Johns is charged with vehicular manslaughter and being under the influence. Prosecutors rested their case Tuesday and the defense starts its arguments today.
Tuesday, prosecutor Robert Mestman showed jurors a videotaped interview Johns had with Newport Beach detectives in which she told them she should not have been driving and may have fallen asleep at the wheel.
In the video, Johns at first appeared distraught, breathing heavily and putting her forehead to an officer’s hand while asking if the woman she had hit was OK. She said she had taken sleeping pills, anti-congestion medicine and Xanax earlier in the day.
During the interview, she told detectives she didn’t remember anything from the accident. By the time she realized what was going on, her car had a shattered windshield and she could see a fountain of water in her rearview mirror from the fire hydrant she knocked over. Johns told police she was on her way to the hospital because her shoulder hurt. In the video, she told Det. Bill Beverly she should have stayed home or had her daughter drive her to the hospital.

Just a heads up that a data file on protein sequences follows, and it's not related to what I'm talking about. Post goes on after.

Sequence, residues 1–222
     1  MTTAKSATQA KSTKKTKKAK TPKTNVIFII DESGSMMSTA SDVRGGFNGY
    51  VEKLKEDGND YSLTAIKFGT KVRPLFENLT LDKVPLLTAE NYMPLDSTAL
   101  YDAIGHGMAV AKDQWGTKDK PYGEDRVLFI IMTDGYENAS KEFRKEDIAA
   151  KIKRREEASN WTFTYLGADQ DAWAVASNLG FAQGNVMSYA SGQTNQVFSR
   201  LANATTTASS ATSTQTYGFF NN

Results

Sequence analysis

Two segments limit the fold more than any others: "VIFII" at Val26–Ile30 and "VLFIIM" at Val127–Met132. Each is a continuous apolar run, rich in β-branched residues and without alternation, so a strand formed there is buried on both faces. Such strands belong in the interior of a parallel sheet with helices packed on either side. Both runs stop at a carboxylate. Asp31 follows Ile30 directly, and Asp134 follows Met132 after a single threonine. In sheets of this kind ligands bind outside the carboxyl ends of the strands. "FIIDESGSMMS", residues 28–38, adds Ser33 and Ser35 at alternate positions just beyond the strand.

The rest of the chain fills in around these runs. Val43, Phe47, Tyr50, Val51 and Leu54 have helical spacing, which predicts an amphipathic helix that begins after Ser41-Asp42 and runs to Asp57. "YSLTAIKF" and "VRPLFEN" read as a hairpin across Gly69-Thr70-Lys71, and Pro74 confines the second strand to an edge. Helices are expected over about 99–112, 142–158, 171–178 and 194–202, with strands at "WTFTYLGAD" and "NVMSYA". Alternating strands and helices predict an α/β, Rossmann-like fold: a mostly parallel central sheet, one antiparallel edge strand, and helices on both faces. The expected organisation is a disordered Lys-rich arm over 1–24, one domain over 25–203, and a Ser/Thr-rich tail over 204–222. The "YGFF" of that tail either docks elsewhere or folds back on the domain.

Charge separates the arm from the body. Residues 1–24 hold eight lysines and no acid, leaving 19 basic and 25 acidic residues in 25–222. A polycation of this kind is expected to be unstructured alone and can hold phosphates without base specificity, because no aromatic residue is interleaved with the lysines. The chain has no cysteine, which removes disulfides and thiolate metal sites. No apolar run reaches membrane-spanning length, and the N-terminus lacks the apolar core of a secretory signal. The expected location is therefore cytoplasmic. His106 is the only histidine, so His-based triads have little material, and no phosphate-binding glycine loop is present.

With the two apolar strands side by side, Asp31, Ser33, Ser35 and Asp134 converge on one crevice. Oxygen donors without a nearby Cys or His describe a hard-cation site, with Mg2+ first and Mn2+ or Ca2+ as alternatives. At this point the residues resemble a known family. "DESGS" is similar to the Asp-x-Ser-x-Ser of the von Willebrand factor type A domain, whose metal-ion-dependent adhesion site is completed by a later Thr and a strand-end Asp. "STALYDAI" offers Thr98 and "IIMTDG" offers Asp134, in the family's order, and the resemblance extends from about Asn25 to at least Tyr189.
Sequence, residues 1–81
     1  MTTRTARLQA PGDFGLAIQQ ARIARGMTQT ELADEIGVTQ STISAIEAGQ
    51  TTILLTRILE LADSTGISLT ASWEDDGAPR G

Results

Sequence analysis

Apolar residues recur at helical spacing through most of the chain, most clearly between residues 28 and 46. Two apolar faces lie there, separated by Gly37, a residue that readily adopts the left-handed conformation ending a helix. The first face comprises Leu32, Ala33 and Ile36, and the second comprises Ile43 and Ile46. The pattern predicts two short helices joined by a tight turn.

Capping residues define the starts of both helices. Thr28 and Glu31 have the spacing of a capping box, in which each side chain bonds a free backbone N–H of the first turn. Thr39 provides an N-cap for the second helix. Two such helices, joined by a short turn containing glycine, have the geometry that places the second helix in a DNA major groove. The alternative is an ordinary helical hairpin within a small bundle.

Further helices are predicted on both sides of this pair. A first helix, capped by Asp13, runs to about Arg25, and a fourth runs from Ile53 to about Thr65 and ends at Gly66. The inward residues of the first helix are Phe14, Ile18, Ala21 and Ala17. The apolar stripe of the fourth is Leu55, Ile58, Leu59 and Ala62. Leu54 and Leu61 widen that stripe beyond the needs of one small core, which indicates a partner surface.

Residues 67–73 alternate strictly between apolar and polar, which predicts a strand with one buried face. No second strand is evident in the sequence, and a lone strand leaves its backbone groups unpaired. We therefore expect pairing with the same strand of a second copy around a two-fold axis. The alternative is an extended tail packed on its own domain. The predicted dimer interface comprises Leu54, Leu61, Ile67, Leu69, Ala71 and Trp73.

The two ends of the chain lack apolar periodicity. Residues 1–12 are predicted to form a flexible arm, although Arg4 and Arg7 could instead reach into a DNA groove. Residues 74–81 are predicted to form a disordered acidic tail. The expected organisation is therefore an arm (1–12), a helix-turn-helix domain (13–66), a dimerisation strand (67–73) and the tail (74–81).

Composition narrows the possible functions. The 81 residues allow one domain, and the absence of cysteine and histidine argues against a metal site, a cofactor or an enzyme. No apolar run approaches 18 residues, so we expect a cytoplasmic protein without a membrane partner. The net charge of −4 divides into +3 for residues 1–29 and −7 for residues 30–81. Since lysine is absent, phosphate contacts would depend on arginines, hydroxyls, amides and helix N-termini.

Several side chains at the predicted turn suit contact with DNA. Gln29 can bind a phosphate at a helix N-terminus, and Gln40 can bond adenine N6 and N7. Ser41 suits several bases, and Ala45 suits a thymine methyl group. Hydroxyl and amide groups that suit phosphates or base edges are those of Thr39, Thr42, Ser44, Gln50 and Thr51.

Jurors also heard testimony from Orange County Sheriff’s Department forensic scientist Mary Stanford that Johns could have been under the influence at the time of the crash.
Johns had enough of the sleeping pill Ambien and the cough suppressant Mucinex in her blood to be affected, Stanford testified.
Stanford explained that unlike the amount of alcohol, the level of a prescription drug in the bloodstream does not indicate intoxication because people develop different tolerances.
Authorities can determine legal intoxication with a blood-alcohol content of .08, but with prescription medicine investigators have to rely on physical symptoms like slurred speech or impaired coordination, Stanford testified.
The Johns’ family physician, Jeffrey Barke, testified he had given Johns a general warning about mixing different prescription drugs that act as depressants.
He said Johns was on a very low dose of Xanax and that mixing it with Ambien posed a very small risk of impairing a person’s driving.
Pohlson told the judge later this week he plans to bring in his own forensic scientist, who also tested some of Johns’ blood and had different results.
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